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Given the considerable risk of being caught, or not being able to pass on stolen paintings with obvious recognition value, like the Turners, there is a genuine puzzle as to why this type of crime is undertaken at all. Making money, combined with a certain level of bravado, is the simplest answer. Because after a successful theft each stolen work of art acquires a new ‘value’ in the underworld: perhaps only 10 per cent of its commercial value, but still potentially a large sum. This is value that can be utilized as collateral in criminal deals. Such motivation for thieves has significantly increased as the values at the top end of the fine art market have shown stupendous growth.
Specialist criminologist Professor John Conklin analyses this financial desire of the ‘motivated offender’ through the Routine Activities Theory, which breaks theft down into five subcategories. First, there are those who steal art in the hope of selling on to a dealer, either directly or through a middleman or fence — although this does not generally relate to high-value works, which by definition cannot simply be sold on. Secondly, there are those who are paid to carry it out, who steal on commission. Thirdly, thieves may steal with the intention of ransoming the work to the owner, seeking a buy-back from an insurance company or doing a deal of some indirect kind. And, fourthly, those who steal to keep the work for themselves. Occasional symbolic or political acts constitute a fifth category. … The fourth and fifth categories are very rare and seen only occasionally in recent times. It is clearly financial considerations that are uppermost in the minds of most criminals, sometimes with an added element of competition. -Sandy Nairne, Art Theft and the Case of the Stolen Turners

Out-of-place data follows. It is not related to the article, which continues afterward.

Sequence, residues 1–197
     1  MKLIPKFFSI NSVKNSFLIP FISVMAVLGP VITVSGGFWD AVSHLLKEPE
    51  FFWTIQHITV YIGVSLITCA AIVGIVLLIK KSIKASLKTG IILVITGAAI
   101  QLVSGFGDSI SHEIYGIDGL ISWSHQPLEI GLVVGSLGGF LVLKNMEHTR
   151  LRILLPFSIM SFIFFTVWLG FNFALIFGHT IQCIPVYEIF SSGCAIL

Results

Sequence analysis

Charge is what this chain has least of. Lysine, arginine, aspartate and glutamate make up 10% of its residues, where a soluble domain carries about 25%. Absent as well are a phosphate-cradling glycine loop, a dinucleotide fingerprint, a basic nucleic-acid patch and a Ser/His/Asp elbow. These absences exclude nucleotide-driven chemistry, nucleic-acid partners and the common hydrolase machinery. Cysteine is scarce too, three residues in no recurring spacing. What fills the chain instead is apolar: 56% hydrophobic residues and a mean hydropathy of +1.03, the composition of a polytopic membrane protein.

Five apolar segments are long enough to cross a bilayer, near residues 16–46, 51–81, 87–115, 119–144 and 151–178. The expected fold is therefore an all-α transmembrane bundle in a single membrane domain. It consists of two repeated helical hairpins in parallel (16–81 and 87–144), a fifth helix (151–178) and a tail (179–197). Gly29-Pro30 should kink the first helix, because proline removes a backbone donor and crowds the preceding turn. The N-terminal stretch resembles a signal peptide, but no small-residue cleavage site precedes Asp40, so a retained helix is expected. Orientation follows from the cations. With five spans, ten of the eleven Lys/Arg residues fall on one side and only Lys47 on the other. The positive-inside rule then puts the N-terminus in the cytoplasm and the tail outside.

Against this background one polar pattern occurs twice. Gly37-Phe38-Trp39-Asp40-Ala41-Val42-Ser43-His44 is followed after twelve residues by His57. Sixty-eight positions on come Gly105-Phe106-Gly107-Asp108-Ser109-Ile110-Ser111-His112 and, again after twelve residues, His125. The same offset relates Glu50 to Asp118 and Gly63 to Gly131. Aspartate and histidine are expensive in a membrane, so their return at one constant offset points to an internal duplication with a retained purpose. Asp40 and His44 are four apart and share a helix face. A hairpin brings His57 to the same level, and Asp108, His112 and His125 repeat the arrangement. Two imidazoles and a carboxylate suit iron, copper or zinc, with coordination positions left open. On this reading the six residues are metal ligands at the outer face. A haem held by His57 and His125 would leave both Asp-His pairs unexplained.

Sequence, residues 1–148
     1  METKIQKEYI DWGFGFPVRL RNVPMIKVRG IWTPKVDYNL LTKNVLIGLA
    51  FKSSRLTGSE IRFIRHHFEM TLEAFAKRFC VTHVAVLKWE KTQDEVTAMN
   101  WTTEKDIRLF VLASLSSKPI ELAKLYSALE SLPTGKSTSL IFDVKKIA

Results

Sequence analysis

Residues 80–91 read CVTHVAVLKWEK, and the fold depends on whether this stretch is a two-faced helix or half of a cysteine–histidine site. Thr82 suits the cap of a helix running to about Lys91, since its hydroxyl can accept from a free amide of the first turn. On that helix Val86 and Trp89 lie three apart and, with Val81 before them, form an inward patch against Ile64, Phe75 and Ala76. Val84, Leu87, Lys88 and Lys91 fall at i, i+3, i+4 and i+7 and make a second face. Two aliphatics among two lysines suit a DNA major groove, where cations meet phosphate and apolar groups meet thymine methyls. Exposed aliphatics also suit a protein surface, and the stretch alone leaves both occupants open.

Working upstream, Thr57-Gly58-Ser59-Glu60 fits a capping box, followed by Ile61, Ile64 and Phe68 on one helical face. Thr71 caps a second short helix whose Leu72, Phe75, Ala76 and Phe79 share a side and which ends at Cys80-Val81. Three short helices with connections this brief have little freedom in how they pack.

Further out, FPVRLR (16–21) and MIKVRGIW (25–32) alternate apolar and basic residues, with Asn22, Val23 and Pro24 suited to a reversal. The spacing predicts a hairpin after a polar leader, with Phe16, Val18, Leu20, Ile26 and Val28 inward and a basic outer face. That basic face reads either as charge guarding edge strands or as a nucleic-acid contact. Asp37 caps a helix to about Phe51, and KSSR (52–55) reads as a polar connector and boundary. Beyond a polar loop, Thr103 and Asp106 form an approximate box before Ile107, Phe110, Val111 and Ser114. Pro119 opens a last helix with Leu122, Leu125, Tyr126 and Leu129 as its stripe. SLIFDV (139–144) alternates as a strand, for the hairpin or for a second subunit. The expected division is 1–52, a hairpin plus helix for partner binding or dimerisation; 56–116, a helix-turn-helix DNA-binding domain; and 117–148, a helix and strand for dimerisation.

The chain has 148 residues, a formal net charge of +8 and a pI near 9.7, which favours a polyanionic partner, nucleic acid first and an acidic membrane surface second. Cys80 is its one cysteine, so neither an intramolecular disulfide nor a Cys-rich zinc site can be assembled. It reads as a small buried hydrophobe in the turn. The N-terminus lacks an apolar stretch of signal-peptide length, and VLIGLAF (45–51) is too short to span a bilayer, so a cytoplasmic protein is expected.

Fiction Writing Prompt: Write a story about an art thief.
Journaling Prompt: If you could have any famous piece of art on your wall, which would it be and why?
Art Prompt: Art Thief
Non-Fiction / Speechwriting Prompt: Write about a famous art heist.
Photo Credit: -Jeffrey- on Flickr
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